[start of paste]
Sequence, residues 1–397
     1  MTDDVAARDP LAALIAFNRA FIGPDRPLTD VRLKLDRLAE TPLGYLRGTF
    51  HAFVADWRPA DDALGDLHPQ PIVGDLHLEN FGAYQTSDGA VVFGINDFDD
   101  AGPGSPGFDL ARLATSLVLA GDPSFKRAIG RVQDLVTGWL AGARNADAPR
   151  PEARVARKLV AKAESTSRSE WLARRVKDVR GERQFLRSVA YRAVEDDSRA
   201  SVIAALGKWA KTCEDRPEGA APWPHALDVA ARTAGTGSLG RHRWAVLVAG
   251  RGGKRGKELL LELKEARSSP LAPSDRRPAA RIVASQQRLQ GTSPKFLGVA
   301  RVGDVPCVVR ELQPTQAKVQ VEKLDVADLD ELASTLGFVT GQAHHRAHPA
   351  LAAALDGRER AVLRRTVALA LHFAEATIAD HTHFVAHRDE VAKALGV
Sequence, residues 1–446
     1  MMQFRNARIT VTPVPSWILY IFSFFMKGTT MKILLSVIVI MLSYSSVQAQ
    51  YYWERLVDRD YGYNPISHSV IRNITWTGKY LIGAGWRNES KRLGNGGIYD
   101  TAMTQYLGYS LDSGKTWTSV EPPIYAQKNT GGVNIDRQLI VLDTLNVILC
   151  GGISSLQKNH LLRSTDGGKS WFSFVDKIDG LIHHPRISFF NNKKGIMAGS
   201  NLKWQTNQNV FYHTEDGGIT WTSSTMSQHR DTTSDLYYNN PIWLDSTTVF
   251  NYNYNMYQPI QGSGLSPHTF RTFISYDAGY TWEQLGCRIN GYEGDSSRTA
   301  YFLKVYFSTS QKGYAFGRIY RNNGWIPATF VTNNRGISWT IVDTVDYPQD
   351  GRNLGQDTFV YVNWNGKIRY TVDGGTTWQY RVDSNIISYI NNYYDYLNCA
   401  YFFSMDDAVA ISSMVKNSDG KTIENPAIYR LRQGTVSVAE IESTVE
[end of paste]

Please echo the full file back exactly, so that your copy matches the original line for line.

Sequence, residues 1–397
     1  MTDDVAARDP LAALIAFNRA FIGPDRPLTD VRLKLDRLAE TPLGYLRGTF
    51  HAFVADWRPA DDALGDLHPQ PIVGDLHLEN FGAYQTSDGA VVFGINDFDD
   101  AGPGSPGFDL ARLATSLVLA GDPSFKRAIG RVQDLVTGWL AGARNADAPR
   151  PEARVARKLV AKAESTSRSE WLARRVKDVR GERQFLRSVA YRAVEDDSRA
   201  SVIAALGKWA KTCEDRPEGA APWPHALDVA ARTAGTGSLG RHRWAVLVAG
   251  RGGKRGKELL LELKEARSSP LAPSDRRPAA RIVASQQRLQ GTSPKFLGVA
   301  RVGDVPCVVR ELQPTQAKVQ VEKLDVADLD ELASTLGFVT GQAHHRAHPA
   351  LAAALDGRER AVLRRTVALA LHFAEATIAD HTHFVAHRDE VAKALGV
Sequence, residues 1–446
     1  MMQFRNARIT VTPVPSWILY IFSFFMKGTT MKILLSVIVI MLSYSSVQAQ
    51  YYWERLVDRD YGYNPISHSV IRNITWTGKY LIGAGWRNES KRLGNGGIYD
   101  TAMTQYLGYS LDSGKTWTSV EPPIYAQKNT GGVNIDRQLI VLDTLNVILC
   151  GGISSLQKNH LLRSTDGGKS WFSFVDKIDG LIHHPRISFF NNKKGIMAGS
   201  NLKWQTNQNV FYHTEDGGIT WTSSTMSQHR DTTSDLYYNN PIWLDSTTVF
   251  NYNYNMYQPI QGSGLSPHTF RTFISYDAGY TWEQLGCRIN GYEGDSSRTA
   301  YFLKVYFSTS QKGYAFGRIY RNNGWIPATF VTNNRGISWT IVDTVDYPQD
   351  GRNLGQDTFV YVNWNGKIRY TVDGGTTWQY RVDSNIISYI NNYYDYLNCA
   401  YFFSMDDAVA ISSMVKNSDG KTIENPAIYR LRQGTVSVAE IESTVE